Open Knowledge 1.0, which takes place on Saturday March the 17th at Limehouse Town Hall in London, is now just over a week away. While there are still some places left we are nearing capacity so, if you would like to come, we advise you to register as soon as possible via: http://www.okfn.org/okcon/register/
Open Knowledge 1.0
- When: Saturday 17th March 2007, 11am until 6:30pm (Doors open at 1030)
- Where: Limehouse Town Hall, 646 Commercial Road, London, E14 7HA.
- Programme: http://www.okfn.org/okcon/programme/
- Registration: http://www.okfn.org/okcon/register/
- Wiki: http://okfn.org/wiki/okcon/
On the 17th March 2007 the first all-day Open Knowledge event is taking place in London. This event will bring together individuals and groups from across the open knowledge spectrum and includes panels on open media, open geodata and open scientific and civic information.
The event is open to all but we encourage you to register because space is limited. A small entrance fee of Â£10 is planned to help pay for costs but concessions are available.
Open Scientific and Civic Data
- Tim Hubbard, leader of the Human Genome Analysis Group at the Sanger
- Peter Murray-Rust, Professor in the Unilever Centre for Molecular
Science Informatics at Cambridge University
- John Sheridan, Head of e-Services at the Office of Public Sector
Geodata and Civic Information
- Ed Parsons, until recently CTO of the Ordnance Survey
- Steve Coast, founder of Open Street Map
- Charles Arthur, freeourdata.org.uk and Technology Editor of the
- Paula Ledieu, formerly Director of the BBC’s Creative Archive
project and now Managing Director and Director of Open Media for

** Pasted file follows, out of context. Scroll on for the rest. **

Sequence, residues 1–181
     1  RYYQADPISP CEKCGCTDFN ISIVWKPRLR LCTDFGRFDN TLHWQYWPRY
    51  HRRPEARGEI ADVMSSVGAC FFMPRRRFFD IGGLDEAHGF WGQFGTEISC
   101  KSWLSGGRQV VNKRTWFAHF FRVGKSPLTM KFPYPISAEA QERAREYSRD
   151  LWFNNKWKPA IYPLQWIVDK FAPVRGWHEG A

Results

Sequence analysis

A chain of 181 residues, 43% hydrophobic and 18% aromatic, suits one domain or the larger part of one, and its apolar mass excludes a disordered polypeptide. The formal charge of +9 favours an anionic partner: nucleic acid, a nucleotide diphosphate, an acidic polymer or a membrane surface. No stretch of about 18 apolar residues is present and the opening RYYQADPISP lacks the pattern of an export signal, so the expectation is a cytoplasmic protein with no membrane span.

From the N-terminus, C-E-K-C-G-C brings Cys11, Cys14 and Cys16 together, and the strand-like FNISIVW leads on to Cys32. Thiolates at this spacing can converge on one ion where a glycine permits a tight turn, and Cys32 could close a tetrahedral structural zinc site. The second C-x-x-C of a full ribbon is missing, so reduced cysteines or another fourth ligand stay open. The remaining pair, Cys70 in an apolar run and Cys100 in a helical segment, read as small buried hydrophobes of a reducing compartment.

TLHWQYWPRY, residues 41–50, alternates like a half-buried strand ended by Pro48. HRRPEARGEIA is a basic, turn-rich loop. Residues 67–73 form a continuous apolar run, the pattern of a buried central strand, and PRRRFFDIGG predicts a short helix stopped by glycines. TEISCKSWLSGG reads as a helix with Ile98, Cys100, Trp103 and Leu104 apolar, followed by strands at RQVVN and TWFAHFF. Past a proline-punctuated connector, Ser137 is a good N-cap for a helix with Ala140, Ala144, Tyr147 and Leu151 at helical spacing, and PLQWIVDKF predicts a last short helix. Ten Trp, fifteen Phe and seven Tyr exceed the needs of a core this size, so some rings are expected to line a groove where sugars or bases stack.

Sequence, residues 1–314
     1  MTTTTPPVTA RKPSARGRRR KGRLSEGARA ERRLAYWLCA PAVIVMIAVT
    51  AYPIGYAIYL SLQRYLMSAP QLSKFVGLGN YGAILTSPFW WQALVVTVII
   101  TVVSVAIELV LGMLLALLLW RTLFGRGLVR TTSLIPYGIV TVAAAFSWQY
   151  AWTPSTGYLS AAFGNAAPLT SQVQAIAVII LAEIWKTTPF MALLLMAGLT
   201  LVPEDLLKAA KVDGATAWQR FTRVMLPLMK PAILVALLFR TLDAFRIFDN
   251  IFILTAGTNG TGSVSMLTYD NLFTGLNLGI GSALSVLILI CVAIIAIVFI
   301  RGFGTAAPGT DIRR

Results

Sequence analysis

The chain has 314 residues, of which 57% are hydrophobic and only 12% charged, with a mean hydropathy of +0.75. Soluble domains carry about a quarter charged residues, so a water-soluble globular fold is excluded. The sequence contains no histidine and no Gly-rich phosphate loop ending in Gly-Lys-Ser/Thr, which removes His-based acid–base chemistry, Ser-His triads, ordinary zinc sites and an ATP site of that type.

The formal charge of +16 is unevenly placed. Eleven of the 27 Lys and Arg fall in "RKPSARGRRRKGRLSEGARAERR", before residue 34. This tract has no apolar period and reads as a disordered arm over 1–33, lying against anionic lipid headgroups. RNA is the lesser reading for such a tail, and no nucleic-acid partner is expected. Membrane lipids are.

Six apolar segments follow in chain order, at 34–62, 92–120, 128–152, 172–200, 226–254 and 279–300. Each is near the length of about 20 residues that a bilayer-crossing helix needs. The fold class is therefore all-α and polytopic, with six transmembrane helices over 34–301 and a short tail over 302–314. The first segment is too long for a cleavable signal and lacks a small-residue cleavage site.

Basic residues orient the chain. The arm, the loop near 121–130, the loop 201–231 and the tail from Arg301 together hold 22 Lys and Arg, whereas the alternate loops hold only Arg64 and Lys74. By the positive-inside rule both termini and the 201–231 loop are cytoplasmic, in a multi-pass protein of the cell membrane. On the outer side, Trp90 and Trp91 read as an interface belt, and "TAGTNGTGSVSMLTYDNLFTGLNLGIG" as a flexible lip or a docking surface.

Magic Lantern Productions
- Susana Noguero and Olivier Schulbaum of Platoniq
- Zoe Young of http://www.transmission.cc/
Lightning talks and mini-presentations. See: http://okfn.org/wiki/okcon/
Theme: Atomisation and Commercial Opportunity
Discussions of ‘Open Knowledge’ often end with licensing wars: legal arguments, technicalities, and ethics. While those debates rage on, Open Knowledge 1.0 will concentrate on two pragmatic and often-overlooked aspects of Open Knowledge: atomisation and commercial possibility.
Atomisation on a large scale (such as in the Debian ‘apt’ packaging system) has allowed large software projects to employ an amazing degree of decentralised, collaborative and incremental development. But what other kinds of knowledge can be atomised? What are the opportunities and problems of this approach for forms of knowledge other than Software?
Atomisation also holds a key to commercial opportunity: unrestricted access to an ever-changing, atomised landscape of knowledge creates commercial opportunities that are not available with proprietary approaches. What examples are there of commercial systems that function with Open Knowledge, and how can those systems be shared?
Bringing together open threads from Science, Geodata, Civic Information and Media, Open Knowledge 1.0 is an opportunity for people and projects to meet, talk and plan things.